The first days of school are always hectic and stressful. If this is your first year teaching elementary art it probably feels downright overwhelming. For me it is about getting to know my students, getting them comfortable with me, introducing rules, and giving them a quick drawing activity. I do it the same every year and it works great for me. I have 30-40 minute classes. I move very quickly through the following activities. I also have these steps outlined on the board, so that I don't forget anything.
I greet my students at door and direct them to the rug. Even the older ones. (Grades 4-6 will only stay at the rug until I put them in their assigned seats, I put them in their assigned seats first.)
Once I get grades k-3 on the rug I introduce myself. (This year I went to the kinder classes BEFORE they came to art to introduce myself, in hopes of making them more comfortable being left with me, a new stranger in a strange, but colorful new room.)
I show the kids a large paintbrush called "Rusty Brush" and tell them while they are holding it they can tell me their name and one thing about themselves, then pass it on. I show them how by telling them my name again and one thing about me, then I pass it to the first student.
After introductions I go over the rules. I have my rules painted on a canvas and hanging on the wall. I ask the kids to point to it, I say the number and they read it out loud. Grades k-1 can't read well yet, so I read it to them. Make this quick, they've heard rules in all their classes and you can go over specifics on an as needed basis later.
I go over the art class "report card." This is a sheet of paper where they can earn 5 stars and it goes back to their teacher at the end of class. It has my expectations written on it (enter quietly, low noise level, kind to each other and materials, clean up, etc.) and a spot at the bottom where I can leave notes for their teacher.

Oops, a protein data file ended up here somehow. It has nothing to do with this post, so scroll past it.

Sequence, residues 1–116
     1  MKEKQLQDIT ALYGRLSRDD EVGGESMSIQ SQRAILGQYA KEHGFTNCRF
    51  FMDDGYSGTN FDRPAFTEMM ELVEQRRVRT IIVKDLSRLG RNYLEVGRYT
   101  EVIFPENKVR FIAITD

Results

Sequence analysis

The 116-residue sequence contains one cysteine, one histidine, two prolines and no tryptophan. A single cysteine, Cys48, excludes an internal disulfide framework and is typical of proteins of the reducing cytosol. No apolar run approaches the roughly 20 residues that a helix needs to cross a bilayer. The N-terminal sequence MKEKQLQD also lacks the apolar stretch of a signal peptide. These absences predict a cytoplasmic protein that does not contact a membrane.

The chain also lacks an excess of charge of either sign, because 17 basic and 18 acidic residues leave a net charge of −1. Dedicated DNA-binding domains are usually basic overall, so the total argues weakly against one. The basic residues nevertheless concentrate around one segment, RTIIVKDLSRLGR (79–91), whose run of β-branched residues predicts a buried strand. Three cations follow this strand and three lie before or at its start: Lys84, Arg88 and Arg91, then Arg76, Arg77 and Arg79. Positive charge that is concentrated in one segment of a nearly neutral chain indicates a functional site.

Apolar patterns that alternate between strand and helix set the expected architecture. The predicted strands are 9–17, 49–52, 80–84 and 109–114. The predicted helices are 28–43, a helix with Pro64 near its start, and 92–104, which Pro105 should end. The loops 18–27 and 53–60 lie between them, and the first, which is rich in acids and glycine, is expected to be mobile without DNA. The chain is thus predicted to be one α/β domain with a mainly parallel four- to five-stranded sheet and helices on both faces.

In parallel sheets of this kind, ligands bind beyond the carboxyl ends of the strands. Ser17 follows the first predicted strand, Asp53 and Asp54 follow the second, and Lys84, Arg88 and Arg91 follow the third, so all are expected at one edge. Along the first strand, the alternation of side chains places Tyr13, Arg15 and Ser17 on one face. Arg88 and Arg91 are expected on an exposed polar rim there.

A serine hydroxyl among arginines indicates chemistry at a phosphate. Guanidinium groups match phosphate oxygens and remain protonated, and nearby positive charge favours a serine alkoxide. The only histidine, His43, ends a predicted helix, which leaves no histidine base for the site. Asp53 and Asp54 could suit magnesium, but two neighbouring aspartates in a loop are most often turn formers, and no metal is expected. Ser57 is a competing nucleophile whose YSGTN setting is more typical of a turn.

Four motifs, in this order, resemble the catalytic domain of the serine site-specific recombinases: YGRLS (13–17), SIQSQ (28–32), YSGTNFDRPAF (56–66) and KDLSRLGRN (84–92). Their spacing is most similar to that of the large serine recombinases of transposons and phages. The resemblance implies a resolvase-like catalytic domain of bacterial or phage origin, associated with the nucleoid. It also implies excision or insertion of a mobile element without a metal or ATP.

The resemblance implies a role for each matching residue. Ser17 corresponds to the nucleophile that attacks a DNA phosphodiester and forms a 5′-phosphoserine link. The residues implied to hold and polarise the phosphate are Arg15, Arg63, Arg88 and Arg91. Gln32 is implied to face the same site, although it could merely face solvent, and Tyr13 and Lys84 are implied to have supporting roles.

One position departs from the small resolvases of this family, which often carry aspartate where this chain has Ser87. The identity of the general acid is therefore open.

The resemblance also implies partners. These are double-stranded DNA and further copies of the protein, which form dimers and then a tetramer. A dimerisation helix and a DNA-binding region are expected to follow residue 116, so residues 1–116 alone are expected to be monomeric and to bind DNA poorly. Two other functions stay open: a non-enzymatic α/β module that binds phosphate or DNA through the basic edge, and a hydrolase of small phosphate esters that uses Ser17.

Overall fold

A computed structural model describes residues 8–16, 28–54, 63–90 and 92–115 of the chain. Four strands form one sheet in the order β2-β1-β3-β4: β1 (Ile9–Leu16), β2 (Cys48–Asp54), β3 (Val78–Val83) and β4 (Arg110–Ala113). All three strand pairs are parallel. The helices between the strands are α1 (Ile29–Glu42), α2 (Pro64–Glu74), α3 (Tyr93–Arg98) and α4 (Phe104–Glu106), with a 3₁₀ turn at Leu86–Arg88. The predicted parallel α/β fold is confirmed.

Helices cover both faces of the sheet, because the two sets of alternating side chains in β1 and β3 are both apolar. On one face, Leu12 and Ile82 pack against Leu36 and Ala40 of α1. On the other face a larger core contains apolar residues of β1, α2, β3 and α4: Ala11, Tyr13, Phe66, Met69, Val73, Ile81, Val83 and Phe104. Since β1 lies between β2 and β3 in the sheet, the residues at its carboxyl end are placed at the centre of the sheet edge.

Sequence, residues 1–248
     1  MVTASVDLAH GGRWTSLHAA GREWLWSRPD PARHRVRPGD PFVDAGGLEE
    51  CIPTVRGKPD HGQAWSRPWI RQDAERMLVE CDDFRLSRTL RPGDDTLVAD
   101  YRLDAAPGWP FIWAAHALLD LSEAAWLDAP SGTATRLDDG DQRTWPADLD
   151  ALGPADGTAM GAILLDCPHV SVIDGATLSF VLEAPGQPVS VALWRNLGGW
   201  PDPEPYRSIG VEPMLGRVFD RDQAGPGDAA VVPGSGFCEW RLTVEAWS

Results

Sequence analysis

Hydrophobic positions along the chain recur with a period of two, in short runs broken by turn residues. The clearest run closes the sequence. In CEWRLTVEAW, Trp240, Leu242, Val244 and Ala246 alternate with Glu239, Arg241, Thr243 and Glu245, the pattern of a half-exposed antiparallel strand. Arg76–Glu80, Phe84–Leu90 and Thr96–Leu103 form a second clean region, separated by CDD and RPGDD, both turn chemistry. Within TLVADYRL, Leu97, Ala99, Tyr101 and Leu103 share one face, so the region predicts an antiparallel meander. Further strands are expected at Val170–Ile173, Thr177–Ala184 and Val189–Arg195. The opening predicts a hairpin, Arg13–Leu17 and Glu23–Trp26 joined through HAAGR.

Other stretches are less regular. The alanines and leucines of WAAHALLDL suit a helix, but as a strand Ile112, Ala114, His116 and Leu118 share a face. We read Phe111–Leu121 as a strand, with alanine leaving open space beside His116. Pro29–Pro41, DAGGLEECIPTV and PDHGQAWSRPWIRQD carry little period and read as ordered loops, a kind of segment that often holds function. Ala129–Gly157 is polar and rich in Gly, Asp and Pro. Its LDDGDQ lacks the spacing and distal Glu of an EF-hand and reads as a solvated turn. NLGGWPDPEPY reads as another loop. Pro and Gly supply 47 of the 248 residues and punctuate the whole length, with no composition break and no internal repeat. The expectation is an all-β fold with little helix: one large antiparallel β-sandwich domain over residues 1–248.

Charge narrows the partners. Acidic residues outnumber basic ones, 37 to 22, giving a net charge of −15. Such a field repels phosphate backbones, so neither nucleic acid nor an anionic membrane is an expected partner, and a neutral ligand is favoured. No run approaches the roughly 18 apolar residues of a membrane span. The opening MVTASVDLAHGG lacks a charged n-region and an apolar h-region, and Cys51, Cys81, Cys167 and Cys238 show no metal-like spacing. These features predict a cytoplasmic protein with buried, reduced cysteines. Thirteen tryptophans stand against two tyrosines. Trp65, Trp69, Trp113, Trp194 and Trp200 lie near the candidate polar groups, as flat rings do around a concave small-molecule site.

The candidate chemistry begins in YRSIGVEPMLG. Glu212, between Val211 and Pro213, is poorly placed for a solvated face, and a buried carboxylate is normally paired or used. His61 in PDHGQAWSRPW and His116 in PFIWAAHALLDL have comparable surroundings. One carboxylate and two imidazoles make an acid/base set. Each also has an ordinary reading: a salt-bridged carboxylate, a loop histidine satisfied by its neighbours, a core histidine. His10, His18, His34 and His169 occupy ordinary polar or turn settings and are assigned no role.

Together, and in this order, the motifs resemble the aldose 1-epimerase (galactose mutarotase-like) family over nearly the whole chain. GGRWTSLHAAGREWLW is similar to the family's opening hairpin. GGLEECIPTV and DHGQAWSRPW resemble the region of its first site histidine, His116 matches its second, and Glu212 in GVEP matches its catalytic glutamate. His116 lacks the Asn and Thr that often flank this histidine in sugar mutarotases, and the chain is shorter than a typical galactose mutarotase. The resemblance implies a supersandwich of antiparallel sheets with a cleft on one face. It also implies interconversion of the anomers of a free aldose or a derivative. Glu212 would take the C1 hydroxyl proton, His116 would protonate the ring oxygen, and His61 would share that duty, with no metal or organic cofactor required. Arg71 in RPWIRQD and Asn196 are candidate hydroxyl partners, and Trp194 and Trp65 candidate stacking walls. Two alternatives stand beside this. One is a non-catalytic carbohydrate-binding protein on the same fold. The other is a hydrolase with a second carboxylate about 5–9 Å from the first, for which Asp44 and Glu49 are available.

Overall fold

This year I introduced my "Teacher's Pet" Pumpkin. Pumpkin is a kitten/puppet. I explain that she is very shy, but if their table is quietly working she will come sit at their table and they can pet her. She says hello and later moves around and tries to get to all the quiet tables. Surprisingly, even my 6th grade students wanted Pumpkin to sit at their tables and were quiet for her!
I introduce the project for the first day. I ask them to draw a self-portrait on a small index card. I show them 4 examples, one of me, one my husband did and one each of my two kids did. Then I show them self-portraits from history. For the littles I quickly show them three examples of self-portraits by famous artists. For the older kids I go into more detail about these artists. I explain that traditionally artists look in a mirror when they draw their self-portrait, but that today we will do a quick drawing from our memory/imagination. On the tables I have pencils and markers for the littles and colored pencils for the older kids.
I walk around to the tables and tell children where to sit according to my seating chart (with grades 4-6 I did this first thing). I tell them once they are seated they should start working on their self-portrait, they will have 10-20 minutes, depending on the length of your classes. I ask them to put their name on the FRONT of the self-portrait because I will glue them down onto large sheets of paper and hang them in my classroom.
This is a quick way to get art from all of the kids up on the wall on the first day! Once they have been up for a few weeks I give them to their teachers to hang on their classroom walls. Let me know how your first day went in the comments below!